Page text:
Going it Alone Handling Your Own Sale Offers Chance for Increased Profit, and Headaches

Many condominium owners selling their homes in today's market are caught between a rock and a hard place. They may have purchased their home a few years ago, when prices were at their peak. Now if they have to sell, they are facing downward pressure on their asking price, which may not match their equity, leaving them "upside down."

To make the squeeze more manageable, some homeowners are choosing to sell their homes themselves, typically through real estate Internet sites like or Craigslist. If they are successful, they are then pocketing the typical four to seven percent real estate commission or lowering the asking price by that amount to make a condominium more saleable.

But many who have tried the "for sale by owner" route report that it's far more difficult and time-consuming than selling an item on eBay.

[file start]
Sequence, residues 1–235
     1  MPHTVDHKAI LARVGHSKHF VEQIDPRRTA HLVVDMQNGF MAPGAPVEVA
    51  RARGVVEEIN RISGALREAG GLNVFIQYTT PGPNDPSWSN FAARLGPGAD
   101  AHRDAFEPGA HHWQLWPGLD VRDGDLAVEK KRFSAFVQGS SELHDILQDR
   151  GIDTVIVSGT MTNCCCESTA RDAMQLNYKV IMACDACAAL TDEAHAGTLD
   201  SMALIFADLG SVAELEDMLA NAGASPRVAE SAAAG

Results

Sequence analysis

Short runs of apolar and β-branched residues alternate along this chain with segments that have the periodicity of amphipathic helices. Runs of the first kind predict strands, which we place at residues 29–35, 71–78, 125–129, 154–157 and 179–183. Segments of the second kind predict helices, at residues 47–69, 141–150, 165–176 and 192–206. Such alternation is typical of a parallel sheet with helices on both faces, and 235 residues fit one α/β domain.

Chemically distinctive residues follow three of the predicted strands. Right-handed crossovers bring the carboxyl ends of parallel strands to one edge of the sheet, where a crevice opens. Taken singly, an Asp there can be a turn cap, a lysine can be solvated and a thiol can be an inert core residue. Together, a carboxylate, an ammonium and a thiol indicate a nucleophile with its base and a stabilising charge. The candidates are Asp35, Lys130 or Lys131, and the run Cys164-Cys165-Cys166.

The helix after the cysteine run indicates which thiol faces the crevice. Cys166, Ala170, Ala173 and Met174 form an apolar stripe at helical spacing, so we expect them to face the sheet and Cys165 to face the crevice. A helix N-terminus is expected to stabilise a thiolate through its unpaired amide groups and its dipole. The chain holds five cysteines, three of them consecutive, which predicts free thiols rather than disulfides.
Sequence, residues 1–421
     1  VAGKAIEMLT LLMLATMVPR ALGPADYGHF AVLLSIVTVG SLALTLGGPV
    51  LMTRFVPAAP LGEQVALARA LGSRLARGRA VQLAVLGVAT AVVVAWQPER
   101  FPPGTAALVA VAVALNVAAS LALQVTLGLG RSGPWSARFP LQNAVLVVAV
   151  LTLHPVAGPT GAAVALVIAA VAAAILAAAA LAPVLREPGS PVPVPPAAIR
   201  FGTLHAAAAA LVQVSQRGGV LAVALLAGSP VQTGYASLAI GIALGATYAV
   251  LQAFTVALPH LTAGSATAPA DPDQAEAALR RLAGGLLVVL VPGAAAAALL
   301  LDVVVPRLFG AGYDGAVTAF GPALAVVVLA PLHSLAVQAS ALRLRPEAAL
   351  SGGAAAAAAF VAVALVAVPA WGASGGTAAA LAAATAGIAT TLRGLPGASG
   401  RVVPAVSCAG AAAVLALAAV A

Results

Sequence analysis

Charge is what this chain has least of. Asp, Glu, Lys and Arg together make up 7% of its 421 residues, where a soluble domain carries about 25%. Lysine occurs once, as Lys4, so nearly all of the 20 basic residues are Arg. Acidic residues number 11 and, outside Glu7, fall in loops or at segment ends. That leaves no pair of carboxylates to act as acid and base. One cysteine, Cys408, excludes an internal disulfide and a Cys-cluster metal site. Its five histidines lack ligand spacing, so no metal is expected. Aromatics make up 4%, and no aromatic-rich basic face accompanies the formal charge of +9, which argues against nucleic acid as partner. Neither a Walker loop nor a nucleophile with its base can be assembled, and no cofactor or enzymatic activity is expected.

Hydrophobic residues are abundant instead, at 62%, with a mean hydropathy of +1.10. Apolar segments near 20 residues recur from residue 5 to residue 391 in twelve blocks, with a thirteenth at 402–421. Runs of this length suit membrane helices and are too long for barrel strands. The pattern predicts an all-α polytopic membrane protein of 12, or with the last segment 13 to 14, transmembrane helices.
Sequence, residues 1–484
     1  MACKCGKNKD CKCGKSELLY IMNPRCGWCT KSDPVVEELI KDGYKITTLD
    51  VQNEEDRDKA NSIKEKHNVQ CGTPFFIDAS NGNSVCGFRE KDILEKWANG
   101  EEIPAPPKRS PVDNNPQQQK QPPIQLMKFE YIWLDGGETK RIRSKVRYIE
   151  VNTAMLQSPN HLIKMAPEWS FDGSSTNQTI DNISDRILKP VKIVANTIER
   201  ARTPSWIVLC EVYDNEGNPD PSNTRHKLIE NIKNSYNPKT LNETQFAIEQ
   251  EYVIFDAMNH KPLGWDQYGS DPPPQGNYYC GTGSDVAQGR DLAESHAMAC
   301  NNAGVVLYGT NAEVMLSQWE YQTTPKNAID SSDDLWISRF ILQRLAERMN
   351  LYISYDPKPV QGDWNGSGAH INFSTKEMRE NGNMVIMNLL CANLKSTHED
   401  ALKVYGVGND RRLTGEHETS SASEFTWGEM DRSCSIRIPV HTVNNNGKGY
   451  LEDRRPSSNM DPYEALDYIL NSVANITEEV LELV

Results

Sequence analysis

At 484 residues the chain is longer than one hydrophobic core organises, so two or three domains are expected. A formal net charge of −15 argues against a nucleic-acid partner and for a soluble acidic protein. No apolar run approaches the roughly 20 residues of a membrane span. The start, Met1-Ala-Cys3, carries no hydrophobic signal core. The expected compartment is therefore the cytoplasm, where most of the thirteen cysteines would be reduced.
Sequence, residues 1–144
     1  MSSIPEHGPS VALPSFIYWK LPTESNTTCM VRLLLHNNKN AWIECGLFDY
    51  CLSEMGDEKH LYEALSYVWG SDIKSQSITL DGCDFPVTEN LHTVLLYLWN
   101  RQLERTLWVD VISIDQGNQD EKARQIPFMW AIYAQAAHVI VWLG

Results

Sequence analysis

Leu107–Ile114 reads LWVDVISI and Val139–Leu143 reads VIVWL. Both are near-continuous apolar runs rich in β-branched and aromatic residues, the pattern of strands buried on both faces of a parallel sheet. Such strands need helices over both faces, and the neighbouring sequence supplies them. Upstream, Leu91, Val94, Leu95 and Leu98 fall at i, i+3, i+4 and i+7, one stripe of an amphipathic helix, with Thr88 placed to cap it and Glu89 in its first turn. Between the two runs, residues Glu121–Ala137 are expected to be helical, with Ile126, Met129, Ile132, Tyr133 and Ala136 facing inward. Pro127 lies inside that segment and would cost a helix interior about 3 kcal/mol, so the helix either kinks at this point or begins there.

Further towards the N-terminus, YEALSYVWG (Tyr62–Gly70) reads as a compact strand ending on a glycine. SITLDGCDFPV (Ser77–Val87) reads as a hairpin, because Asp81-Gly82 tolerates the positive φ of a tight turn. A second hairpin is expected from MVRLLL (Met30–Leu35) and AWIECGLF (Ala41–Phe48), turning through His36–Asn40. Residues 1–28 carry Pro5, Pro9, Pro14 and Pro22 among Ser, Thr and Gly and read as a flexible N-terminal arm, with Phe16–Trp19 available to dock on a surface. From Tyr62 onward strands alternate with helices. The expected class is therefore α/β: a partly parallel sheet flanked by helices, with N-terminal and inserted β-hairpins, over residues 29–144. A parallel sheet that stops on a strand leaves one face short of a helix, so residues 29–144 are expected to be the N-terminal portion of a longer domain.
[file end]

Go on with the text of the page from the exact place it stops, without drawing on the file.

Rick LaBaire is a small Shrewsbury, Massachusetts, developer who is selling one of his homes on his own for the first time in his professional life. The reason, says LaBaire, is quite simple. "Profit margins have been squeezed so tight that I choose to try—to try without any luck yet—an alternative route by marketing the house myself."

LaBaire, president of DRL Builders, has listed a 4,800-square-foot colonial home loaded with amenities on for $399,000. A "for sale by owner" sign is planted in front of the house, located on a cul- de-sac near the Worcester/Auburn town line, and workers are putting the finishing touches on the stone walls and steps which gently lead up to the farmer's porch nestled on the front of the home.


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